A long time ago in a land far away, when I was first learned the term rustication, my professor, already an angry and unhappy man, immediately explained to his rapt audience that every year the entire class would always confuse the word and write it as rustification. He said always — and without fail, and of course, that’s what sunk me. I still fight that f to this day.
This was of course by design since he followed with a story about his friend who teaches at Harvard. I’m sure the person is more of an acquaintance since I doubt this man has any friends but apparently the Harvard architectural professor deliberately pronounced facade to his freshman audience as fakAde, and was greatly amused that the class followed his precedent into their later years in school.
Back to the images. This facade of the Pump Room faces Stall Street. This stage was designed by Thomas Baldwin but the building was taken over in 1792 and redesigned and completed by John Palmer. This particular type of rustication present on each block is termed vermiculated, expressing the appearance of a worm-ridden block. The simple inversed-beak joints between the blocks are simply termed as chamfered. Note the Ionic order here along the famed colonnade.
The street musician in the first photo performs on Stall Street when Abbey’s cloister square is occupied by another. There is some agreed upon schedule, as each act always ends five minutes to the hour and the musicians switch spots.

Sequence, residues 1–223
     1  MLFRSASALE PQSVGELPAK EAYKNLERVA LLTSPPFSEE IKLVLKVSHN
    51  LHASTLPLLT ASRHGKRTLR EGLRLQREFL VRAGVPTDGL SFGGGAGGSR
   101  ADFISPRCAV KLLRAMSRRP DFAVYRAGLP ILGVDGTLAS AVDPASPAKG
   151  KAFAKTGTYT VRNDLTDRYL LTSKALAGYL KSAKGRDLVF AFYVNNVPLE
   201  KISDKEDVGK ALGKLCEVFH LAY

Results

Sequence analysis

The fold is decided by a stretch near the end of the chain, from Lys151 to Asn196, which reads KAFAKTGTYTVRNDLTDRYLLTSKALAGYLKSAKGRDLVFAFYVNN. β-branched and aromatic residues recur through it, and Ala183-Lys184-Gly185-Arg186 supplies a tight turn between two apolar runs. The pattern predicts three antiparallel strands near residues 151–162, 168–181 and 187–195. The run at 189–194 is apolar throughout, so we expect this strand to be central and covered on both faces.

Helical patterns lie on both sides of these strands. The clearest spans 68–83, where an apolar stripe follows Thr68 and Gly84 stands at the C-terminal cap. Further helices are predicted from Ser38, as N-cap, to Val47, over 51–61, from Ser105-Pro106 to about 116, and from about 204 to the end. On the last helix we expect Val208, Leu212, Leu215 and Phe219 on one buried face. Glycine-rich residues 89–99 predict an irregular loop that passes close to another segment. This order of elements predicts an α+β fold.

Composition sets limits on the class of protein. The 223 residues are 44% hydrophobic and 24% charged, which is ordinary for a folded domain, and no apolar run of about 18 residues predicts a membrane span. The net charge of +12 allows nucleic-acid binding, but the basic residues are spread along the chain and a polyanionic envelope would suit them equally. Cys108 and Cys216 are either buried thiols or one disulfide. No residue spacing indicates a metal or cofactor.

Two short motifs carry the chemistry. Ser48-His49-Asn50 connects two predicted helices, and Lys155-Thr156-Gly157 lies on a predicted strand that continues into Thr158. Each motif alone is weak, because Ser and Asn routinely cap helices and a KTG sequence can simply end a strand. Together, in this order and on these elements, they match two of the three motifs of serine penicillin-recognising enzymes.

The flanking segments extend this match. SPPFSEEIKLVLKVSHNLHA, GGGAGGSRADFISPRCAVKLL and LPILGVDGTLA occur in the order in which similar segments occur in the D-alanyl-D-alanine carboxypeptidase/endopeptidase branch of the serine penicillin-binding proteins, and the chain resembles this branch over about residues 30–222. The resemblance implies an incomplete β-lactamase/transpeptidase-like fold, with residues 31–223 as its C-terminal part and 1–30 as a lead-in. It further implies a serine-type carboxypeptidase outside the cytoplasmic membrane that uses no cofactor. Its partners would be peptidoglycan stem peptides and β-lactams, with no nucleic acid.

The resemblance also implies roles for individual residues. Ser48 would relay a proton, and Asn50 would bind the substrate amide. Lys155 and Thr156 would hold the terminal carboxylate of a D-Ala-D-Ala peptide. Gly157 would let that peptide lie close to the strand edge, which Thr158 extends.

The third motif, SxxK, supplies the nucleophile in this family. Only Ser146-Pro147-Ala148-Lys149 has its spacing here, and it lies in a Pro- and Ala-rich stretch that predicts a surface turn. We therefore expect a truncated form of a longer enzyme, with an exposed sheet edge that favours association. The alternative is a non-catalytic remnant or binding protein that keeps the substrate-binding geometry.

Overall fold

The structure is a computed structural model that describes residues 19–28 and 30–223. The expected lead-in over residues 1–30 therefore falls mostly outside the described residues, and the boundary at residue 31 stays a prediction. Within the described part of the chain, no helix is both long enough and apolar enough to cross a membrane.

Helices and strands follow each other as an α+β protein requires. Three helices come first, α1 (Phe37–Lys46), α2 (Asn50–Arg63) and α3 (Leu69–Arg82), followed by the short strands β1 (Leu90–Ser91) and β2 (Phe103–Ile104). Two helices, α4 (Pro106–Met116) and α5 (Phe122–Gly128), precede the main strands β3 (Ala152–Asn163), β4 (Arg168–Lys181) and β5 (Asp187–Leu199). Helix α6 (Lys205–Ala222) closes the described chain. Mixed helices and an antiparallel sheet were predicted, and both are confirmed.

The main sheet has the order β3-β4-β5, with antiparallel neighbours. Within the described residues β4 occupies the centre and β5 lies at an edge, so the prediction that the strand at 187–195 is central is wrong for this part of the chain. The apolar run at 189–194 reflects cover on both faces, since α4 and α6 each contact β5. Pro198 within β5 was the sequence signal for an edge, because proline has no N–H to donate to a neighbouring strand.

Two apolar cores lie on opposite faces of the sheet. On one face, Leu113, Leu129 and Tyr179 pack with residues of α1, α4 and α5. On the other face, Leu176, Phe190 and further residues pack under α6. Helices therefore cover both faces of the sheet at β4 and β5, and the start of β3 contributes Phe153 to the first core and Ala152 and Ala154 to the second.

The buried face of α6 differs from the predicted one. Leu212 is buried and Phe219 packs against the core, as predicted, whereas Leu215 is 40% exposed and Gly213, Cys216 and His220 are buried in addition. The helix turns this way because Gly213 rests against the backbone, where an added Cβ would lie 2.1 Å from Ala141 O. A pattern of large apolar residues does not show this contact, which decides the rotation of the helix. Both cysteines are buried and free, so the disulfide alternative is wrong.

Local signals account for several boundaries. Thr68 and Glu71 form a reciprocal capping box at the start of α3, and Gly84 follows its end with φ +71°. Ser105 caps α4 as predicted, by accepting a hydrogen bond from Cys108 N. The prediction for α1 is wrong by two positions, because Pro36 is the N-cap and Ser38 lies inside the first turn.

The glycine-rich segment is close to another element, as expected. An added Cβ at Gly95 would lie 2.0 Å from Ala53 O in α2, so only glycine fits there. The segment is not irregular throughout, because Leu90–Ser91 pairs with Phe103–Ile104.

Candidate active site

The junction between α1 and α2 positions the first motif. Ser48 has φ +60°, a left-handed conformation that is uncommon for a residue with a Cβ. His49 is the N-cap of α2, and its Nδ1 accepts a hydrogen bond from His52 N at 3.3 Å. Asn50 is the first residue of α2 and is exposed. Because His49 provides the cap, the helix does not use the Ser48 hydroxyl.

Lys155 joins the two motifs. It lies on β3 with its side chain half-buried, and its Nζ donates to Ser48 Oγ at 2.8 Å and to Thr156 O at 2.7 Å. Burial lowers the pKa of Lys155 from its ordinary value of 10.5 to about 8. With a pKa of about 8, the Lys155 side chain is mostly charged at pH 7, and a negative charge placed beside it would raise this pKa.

One of Bath’s joys is its incredible stone. Containing just a bit of iron, the stone has a warm creamy color that positively glows at sunrise and sunset. Like Italy, almost the entire place is constructed with the same material, so the color surrounds the viewer and makes the whole rigorously ordered, individualistic, and finely executed pieces of architecture feel as if all part of one piece. As such, Bath is a World Heritage site, rightfully treated as one entity but this singularity on the wealth of Georgian architecture and its unique building material discriminates against the other materials of bath, such as the brick Gothic Cottage of Sion Hill and this engaging more or less modern timber structure, just off Prior Park. Rebel materials in this Bath stone town have enjoyed brief periods of popularity. For instance, when before the Kennet and Avon canal, brick (imported) was far more expensive than finely cut ashlar Bath stone! There is at least one example of a Bath stone house with a one brick thick front facade. I enjoy this house for the same reason, mainly its surrounding Bath stone wall, which you find throughout the city and countryside here. Besides, it has a great view!
Monument designed and built by William Cure, mason. Nicholas Johnson was the carver.
Click here for whole block.
Click here for a section without an added balcony but with all the restored/original sill windows (without Victorian plate glass).
On Bathwick Hill Road immediately after St. Mary the Virgin Church (and thus on the slope Bathwick Hill) lies Raby Place, designed by John Pinch the Elder between 1818-1825. The street name was originally Church Street (and remains so on my really outdated ordinance map). This series of eighteen two-bay terrace houses features Pinch’s famous design of a ramped cornice, similar to what can be found on a staircase banister and equally appropriate when one tries climbing this hill while carrying a litre of milk and some groceries. (Also see the same ramped cornice detailing on Cavendish Place, also by Pinch)
Window with septennial cusping, four-four over six-six lights? Or how would you describe this window? I have no idea. I’m sure there is a formula though.
prepared by JosyC